ProQuest Gets Refreshed

The ProQuest family of online databases was recently refreshed with a new look and feel to the user interface. While some changes are simply cosmetic, providing a more contemporary look to the search and results screens, others may greatly enhance the way students access these important sources of information in the future. Newly available is a “My Research” link at the top of the ProQuest screens, where students using campus-networked computers can create a username and password to save the results they’ve found. Once that’s achieved, a student can access those results from ProQuest’s website with any internet-connected (wired or wireless) computer, on campus or off, without having to first go through Citrix. Not only that, once logged in, they can continue to search the ProQuest databases, again with no need for Citrix. While this will currently work with all 19 ProQuest databases that the Library offers (all of which begin with “ProQuest” in their name except for American Periodicals Series Online), Citrix will still have to be used on non-networked computers to access the other databases to which the Library currently subscribes to (e.g. JSTOR).

ProQuest Takes a Brief Break

ProQuest, supplier of three of the Library’s magazine and newspaper databases, will be down for maintenance this weekend. From 10pm on Saturday until 10am on Sunday, Proquest Historical Newspapers, American Periodicals Series Online, and Proquest Platinum are going to be unavailable. Students working on research papers should plan ahead for the outage. Below are brief descriptions of these three databases for those who may be unfamiliar with them, with links to the Library’s Research Databases page:

American Periodicals Series Online
More than 1,000 American magazines and newspapers published between 1741 and 1940.

ProQuest Historical Newspapers 
New York Times, Wall Street Journal, and ten other national and regional papers

ProQuest Platinum
2,000 magazines and scholarly journals. Also the New York Times (1980 on), Wall Street Journal (1984 on), 40 other newspapers and news services.

Google Books adds LIFE

Google Books has begun to partner with publishers to digitize the back issues of magazines and offer them online.  As part of this initiative, the entire run of Life magazine—over 1,860 issues from 1936 to 1972—has been digitized.  Even though the library has issues of Life in bound volumes, it’s really fun to browse through this online collection and see the variety of topics covered by the magazine (the Berlin Airlift, the Olympics, John F. Kennedy’s assassination, and the Beatles to name just a few) as well as view the many photos that were the hallmark of Life.  Issues are searchable, and, through thumbnail view, you can see all the pages in a given issue.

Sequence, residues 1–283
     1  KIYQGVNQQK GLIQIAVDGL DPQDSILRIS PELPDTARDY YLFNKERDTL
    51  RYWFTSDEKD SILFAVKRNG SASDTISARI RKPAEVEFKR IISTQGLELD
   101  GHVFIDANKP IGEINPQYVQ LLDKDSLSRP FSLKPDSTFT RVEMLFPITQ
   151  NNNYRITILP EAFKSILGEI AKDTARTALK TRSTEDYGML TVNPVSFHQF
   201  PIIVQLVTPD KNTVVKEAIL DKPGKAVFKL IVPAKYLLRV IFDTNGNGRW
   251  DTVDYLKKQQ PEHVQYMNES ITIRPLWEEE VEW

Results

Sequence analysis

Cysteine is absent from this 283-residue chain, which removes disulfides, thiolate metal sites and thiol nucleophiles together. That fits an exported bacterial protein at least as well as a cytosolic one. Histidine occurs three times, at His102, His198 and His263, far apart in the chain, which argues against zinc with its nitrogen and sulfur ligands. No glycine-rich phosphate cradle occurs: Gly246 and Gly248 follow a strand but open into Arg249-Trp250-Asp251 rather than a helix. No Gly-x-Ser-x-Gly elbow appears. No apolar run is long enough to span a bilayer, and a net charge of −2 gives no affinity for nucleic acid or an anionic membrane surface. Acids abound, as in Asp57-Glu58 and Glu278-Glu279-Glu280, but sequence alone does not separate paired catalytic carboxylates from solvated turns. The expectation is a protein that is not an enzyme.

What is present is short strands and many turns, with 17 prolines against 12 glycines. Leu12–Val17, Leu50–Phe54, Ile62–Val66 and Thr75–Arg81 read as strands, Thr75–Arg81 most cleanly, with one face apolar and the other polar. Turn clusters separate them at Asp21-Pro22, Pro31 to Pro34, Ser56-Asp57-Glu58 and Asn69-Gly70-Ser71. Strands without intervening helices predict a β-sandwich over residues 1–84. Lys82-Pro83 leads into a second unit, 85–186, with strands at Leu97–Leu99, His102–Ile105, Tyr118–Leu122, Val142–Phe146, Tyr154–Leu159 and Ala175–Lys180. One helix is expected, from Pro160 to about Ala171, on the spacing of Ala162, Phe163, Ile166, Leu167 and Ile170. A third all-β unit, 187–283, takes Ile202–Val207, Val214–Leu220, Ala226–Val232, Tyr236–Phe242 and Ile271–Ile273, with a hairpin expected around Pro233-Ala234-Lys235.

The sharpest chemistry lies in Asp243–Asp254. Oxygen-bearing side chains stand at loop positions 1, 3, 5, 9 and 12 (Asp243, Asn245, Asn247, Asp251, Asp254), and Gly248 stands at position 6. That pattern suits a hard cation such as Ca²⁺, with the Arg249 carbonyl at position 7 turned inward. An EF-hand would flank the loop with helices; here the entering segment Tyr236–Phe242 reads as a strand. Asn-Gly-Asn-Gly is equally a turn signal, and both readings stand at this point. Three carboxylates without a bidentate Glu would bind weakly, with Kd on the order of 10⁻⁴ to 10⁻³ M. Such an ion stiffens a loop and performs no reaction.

New Site for World News

An interesting website devoted exclusively to world news was launched earlier this year.  Founded by Charles Sennott and Philip Balboni, two veteran Boston journalists, the mission of the GlobalPost “is to provide Americans, and all English-language readers around the world, with a depth, breadth and quality of original international reporting that has been steadily diminished in too many American newspapers and television networks.”

News stories and feature articles are written by 65 correspondents in 45 countries who offer an in-depth, “on the ground” perspective on global issues.  Recent posts on the site have included coverage of the coup in Honduras, an article on rising seas in the Netherlands, and a piece on the “ghost schools” of Pakistan.

GlobalPost's homepage
GlobalPost's homepage

Christian Science Monitor Goes Weekly

Christian Science Monitor - Magazine formatReflecting the sea change currently occurring in American journalism, the Christian Science Monitor has ceased publication as a daily newspaper and has “reinvented” itself as a weekly magazine.  We have just received the first issues of this magazine and find it a very attractive and appealing publication. 

In each issue, there is an in-depth cover story on a global event or emerging trend (e.g., “Ten Ways the New Economy Will Look Different”), as well as a review of world and U. S. news.  There is also a new column called “Dispatches” with local news stories from Monitor correspondents around the world.  In addition, there are 4 weekly features—Money, Innovation, Environment, and Culture—and an end-of-issue piece that highlights a person making a difference in today’s world.

You can find this new publication on the magazine shelves in the Kaplanoff Periodicals Room.